On November 15, President Biden signed the Infrastructure Investment and Jobs Act (PL 117-58) into law. This Act introduces more than $550 billion in new infrastructure spending in addition to reauthorizations of existing programs for a total of $1.2 trillion in federal infrastructure investment in local communities over the next eight years. The spending covers broadband infrastructure; air quality improvements; road, bridge, and tunnel repairs and reconstruction; rail and transit improvements; and clean water infrastructure.
The Act amends the tax-exempt bond provisions of the Internal Revenue Code (Code) to enhance the financing options available to state and local government to address the highlighted infrastructure needs. Specifically, the package adds two new categories of exempt facility private activity bonds (PABs) and additional volume cap for transportation PABs.
Here is what you need to know about the new PAB provisions:
Broadband Projects. The Act introduces qualified broadband projects as a new category of exempt facility PABs under Section 142(a) of the Code. Qualified broadband projects include facilities for the provision of broadband internet access to census tracts in which a majority of households lack broadband access prior to the date of issuance of qualifying bonds. Notably, this new category of PABs enjoys a 75% exemption from the volume cap requirements for privately owned projects and a 100% exemption from volume cap for government-owned projects.
Carbon Capture Facilities. The Act also adds qualified carbon dioxide capture facilities as a new category of exempt facility PABs under Section 142(a) of the Code. Qualified carbon capture facilities include key clean energy technologies such as eligible components of industrial carbon dioxide emitting facilities used to capture and process carbon dioxide, and direct air capture facilities. An eligible component is further defined by the Act as any equipment that is used to capture, treat, or store carbon dioxide produced by industrial carbon dioxide facilities or is related to the conversion of coal and gas byproduct into synthesis gas. Section 45Q(e) of the Code, relating to the business tax credit for carbon capture, defines a direct air capture facility as any facility which uses carbon capture equipment to collect carbon dioxide directly from air. Together, these technologies seek to capture and sequester emissions produced by power plants and industrial facilities that contribute to climate change. This new category of exempt facility PABs also enjoys a 75% exemption from the volume cap requirements for qualifying projects. As a partial offset, however, any otherwise available carbon capture credit is reduced by up to one-half if bonds are issued under this provision to finance the qualifying assets.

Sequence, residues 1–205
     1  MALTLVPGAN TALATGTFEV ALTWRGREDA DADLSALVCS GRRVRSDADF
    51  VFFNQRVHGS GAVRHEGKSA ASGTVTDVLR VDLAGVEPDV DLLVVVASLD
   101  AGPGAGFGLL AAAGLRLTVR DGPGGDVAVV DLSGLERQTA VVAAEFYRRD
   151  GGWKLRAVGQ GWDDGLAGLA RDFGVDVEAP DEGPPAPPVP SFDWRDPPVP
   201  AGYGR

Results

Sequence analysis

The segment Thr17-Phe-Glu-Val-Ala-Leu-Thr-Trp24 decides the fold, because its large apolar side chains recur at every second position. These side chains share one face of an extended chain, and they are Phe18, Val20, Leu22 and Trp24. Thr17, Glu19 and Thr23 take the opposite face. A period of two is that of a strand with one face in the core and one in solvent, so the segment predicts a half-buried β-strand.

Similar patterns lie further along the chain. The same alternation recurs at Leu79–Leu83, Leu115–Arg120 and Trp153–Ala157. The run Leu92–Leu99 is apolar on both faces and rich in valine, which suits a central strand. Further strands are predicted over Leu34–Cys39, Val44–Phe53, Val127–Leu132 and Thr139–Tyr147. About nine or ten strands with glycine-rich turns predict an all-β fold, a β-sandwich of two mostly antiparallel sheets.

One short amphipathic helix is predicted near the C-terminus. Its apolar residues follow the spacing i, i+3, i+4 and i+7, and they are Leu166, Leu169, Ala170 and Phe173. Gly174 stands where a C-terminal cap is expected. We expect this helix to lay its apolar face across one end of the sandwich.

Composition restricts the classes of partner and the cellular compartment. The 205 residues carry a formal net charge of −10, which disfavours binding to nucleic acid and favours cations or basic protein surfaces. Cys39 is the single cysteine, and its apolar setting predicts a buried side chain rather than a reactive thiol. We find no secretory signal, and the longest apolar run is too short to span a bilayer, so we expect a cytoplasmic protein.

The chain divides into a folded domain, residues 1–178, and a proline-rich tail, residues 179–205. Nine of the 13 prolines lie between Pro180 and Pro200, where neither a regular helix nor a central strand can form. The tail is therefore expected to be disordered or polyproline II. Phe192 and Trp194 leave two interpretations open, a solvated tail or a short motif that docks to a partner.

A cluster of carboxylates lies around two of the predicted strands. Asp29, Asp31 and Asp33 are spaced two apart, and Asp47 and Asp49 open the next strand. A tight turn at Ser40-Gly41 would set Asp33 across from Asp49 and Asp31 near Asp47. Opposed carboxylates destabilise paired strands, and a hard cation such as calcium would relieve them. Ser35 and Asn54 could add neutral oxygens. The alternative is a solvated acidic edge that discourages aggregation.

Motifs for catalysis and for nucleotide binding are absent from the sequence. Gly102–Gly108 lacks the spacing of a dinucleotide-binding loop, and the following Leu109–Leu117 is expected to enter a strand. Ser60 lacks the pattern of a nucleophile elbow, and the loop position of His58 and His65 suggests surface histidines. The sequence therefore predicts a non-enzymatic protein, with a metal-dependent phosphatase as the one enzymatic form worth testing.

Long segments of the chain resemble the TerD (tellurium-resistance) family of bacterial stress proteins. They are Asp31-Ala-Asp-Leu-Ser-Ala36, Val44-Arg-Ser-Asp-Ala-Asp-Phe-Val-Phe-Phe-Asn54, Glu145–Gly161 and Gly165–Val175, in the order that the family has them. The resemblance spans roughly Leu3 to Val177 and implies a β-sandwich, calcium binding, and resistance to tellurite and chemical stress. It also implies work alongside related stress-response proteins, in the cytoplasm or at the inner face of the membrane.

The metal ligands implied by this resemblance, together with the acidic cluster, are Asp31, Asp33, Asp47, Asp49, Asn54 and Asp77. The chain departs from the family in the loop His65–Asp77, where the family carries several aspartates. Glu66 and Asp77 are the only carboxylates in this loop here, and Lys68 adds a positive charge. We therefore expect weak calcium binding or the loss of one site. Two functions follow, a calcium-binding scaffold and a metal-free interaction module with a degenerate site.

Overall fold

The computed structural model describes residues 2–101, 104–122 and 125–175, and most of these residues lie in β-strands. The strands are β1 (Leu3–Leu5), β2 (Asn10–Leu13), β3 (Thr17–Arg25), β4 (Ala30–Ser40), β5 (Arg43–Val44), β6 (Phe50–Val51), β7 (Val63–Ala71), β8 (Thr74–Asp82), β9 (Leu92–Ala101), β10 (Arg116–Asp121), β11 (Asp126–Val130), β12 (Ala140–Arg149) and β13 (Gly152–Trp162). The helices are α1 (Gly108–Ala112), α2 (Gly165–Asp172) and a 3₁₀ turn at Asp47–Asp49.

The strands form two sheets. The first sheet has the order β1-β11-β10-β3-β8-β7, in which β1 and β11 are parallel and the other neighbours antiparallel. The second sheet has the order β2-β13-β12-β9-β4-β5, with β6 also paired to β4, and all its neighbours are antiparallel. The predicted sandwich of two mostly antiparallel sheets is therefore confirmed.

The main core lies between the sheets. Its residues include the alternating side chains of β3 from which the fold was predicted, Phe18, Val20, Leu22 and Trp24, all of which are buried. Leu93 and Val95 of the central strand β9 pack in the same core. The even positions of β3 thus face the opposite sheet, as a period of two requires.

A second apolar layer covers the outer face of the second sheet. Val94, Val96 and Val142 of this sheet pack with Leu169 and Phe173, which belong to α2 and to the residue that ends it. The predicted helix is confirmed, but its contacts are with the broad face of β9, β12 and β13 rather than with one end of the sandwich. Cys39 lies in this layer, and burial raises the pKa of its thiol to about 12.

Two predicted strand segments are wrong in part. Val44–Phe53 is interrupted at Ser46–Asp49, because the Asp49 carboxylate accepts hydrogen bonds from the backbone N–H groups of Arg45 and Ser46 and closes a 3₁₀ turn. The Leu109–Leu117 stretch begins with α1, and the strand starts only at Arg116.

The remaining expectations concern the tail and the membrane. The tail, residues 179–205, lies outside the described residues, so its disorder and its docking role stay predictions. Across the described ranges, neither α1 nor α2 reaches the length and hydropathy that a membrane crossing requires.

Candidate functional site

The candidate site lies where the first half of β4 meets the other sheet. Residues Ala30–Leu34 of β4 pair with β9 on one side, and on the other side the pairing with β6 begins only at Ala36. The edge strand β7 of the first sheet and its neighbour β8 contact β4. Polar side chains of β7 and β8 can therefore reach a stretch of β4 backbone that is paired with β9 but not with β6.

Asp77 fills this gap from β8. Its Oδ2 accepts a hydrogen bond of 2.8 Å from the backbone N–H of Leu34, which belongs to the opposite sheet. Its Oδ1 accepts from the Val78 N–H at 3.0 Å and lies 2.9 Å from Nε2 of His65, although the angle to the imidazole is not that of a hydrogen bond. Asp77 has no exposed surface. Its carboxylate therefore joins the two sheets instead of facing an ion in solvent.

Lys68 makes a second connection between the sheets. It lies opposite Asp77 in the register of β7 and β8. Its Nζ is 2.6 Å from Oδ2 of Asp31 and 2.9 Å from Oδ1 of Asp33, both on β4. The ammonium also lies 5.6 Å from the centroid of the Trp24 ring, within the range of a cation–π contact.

Qualified Transportation PABs. Additionally, the Act adds $15 billion to the national volume cap limitation available for qualified highway or surface freight transfer facilities. The prior volume cap limitation of $15 billion had largely been exhausted. The limitation for qualified highway or surface freight facilities is available by application to the U.S. Department of Transportation.